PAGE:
constitution is ratified; it prohibits the manufacture or sale of alcoholic liquor • Theo van Doesburg (Neth) paints Composition in gray (Rag-time) • Walter Gropius (Ger) founds the Bauhaus design school in Weimar • Vicente Ibanez (Sp): The Four Fiorsemen of the Apocalypse • Felix the Cat becomes the first popular cartoon film star

The League of Nations, brainchild of Woodrow Wilson, comes into being, but the US Senate votes against joining • Estonia becomes independent of Russia • Russia goes to war with Poland • Britain annexes Kenya • The International Court of Justice is established at The Hague, Netherlands • Prohibition (of alcoholic liquor) comes into force in USA •
Public radio broadcasting begins in Britain • Film: The Mark of Zorro, starring Douglas Fairbanks • Stanisiaw Witkiewicz (Pol) paints Laughing boy • F. Scott Fitzgerald (US): This Side of Paradise • Edith Wharton (US): Age of Innocence • Agatha Christie (Eng) introduces Hercule Poirot in The Mysterious Affair at Styles


James Augustine Aloysius Joyce (2 February 1882 – 13 January 1941) was an Irish novelist, short story writer, and poet. He contributed to the modernist avant-garde and is regarded as one of the most influential and important authors of the 20th century. Joyce is best known for Ulysses (1922), a landmark work in which the episodes of Homer's Odyssey are paralleled in a variety of literary styles, most famously stream of consciousness. Other well-known works are the short-story collection Dubliners (1914), and the novels A Portrait of the Artist as a Young Man (1916) and Finnegans Wake (1939).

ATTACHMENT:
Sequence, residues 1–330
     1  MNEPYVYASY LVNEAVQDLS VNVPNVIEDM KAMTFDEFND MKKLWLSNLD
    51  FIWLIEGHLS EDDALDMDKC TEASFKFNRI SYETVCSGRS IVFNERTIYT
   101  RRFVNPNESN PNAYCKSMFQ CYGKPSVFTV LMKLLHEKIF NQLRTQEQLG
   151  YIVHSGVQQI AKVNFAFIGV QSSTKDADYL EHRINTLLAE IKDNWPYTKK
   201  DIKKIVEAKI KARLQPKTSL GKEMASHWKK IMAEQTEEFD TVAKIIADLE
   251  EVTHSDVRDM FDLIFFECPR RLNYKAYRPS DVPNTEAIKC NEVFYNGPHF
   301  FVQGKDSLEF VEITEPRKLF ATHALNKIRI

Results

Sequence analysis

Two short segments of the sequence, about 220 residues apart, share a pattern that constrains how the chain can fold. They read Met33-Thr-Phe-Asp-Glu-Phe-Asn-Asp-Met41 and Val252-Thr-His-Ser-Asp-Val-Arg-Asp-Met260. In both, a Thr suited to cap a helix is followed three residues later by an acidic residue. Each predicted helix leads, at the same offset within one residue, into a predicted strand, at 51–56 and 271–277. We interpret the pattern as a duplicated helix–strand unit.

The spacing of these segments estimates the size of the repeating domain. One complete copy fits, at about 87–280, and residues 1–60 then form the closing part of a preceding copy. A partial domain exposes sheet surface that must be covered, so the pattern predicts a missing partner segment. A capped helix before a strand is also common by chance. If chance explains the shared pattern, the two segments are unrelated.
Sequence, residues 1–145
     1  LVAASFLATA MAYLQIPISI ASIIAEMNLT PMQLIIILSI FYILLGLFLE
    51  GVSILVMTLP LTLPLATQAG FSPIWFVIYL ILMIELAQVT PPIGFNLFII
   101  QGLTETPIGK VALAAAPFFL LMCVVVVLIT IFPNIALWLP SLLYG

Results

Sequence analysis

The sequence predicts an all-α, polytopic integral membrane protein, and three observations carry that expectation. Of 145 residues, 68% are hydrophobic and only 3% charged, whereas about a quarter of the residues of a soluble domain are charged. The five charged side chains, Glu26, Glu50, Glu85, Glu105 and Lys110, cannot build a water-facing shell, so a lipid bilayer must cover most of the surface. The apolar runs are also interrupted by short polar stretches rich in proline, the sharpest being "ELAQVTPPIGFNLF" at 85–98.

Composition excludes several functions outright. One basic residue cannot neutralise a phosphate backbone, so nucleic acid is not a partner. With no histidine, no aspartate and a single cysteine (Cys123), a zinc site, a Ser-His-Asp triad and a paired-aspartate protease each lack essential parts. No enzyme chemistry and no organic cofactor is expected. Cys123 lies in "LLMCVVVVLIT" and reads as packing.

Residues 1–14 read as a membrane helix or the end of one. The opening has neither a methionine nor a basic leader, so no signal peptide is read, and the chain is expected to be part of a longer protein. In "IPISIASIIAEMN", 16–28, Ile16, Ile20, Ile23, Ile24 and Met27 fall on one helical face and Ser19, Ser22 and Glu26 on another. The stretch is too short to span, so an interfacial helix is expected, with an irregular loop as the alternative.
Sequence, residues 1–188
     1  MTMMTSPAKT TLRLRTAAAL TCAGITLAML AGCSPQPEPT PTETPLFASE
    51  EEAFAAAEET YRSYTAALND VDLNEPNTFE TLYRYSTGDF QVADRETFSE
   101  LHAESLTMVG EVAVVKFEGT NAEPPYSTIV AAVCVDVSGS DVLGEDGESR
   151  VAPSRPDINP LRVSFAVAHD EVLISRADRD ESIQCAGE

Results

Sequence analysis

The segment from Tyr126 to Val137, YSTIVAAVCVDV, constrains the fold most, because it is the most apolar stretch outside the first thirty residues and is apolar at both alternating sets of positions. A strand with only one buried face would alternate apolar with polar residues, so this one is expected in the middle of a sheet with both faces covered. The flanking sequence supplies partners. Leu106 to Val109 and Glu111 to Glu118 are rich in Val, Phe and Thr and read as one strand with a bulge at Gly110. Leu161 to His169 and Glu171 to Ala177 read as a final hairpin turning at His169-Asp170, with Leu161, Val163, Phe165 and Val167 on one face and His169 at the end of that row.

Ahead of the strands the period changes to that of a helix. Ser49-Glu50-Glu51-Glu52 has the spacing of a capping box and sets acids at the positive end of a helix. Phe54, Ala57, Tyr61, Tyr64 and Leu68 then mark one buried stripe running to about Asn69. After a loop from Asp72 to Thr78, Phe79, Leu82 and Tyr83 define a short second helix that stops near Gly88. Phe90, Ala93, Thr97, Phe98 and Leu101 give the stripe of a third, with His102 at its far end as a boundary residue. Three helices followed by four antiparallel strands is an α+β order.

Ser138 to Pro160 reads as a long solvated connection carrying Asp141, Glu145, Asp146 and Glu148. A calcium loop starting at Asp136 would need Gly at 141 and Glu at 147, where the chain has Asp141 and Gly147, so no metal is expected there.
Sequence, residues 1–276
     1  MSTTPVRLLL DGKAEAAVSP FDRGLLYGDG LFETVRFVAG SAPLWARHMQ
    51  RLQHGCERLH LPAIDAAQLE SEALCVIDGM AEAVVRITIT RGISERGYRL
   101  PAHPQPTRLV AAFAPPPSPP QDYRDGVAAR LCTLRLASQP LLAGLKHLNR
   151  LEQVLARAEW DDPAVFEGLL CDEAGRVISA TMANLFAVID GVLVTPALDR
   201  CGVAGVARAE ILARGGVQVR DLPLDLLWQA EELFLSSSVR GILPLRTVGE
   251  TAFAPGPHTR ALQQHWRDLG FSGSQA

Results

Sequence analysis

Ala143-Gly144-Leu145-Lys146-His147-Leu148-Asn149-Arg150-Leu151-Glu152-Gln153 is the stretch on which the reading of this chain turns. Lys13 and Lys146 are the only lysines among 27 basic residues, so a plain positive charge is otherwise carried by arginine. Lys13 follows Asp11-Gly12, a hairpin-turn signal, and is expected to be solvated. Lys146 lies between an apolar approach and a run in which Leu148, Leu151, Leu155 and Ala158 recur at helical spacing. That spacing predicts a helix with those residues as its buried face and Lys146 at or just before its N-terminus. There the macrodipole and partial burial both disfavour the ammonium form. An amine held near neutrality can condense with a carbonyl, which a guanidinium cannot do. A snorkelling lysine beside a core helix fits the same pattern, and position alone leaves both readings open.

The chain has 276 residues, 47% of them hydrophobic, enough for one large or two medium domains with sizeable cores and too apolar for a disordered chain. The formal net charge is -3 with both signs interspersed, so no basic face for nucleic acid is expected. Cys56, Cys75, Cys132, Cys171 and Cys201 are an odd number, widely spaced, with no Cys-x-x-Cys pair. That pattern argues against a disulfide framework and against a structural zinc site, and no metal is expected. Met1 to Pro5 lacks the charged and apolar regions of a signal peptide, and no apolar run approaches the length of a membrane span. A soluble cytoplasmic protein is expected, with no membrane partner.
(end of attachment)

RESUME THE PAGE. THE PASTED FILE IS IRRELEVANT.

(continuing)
Bela Bartok composes his Piano Suite, Op. 14.

Béla Bartók - Suite Op. 14 
Piano: Alvin Devonas

Henry Cowell, aged 19, composes Dynamic Motion for piano, his first important work incorporating

Dynamic Motion - Henry Cowell
Stacey Barelos, piano

In between teaching commitments at St Pauls School for Girls, Gustav Holst completes The Planets

Gustav Holst - The Planets, Op. 32
0:35 Mars, the Bringer of War
8:13 Venus, the Bringer of Peace
17:57 Mercury, the Winged Messenger
22:33 Jupiter, the Bringer of Jollity
31:20 Saturn, the Bringer of Old Age
41:11 Uranus, the Magician
47:08 Neptune, the Mystic
Maciej TARNOWSKI - conductor
Henryk WOJNAROWSKI - choir director
Orkiestra i Chór Żeński Filharmonii Narodowej
Warsaw Philharmonic Orchestra & Female Choir, 2015

Hubert Parry composes his choral setting of William Blake’s poem Jerusalem.

Jerusalem - Sir Hubert Parry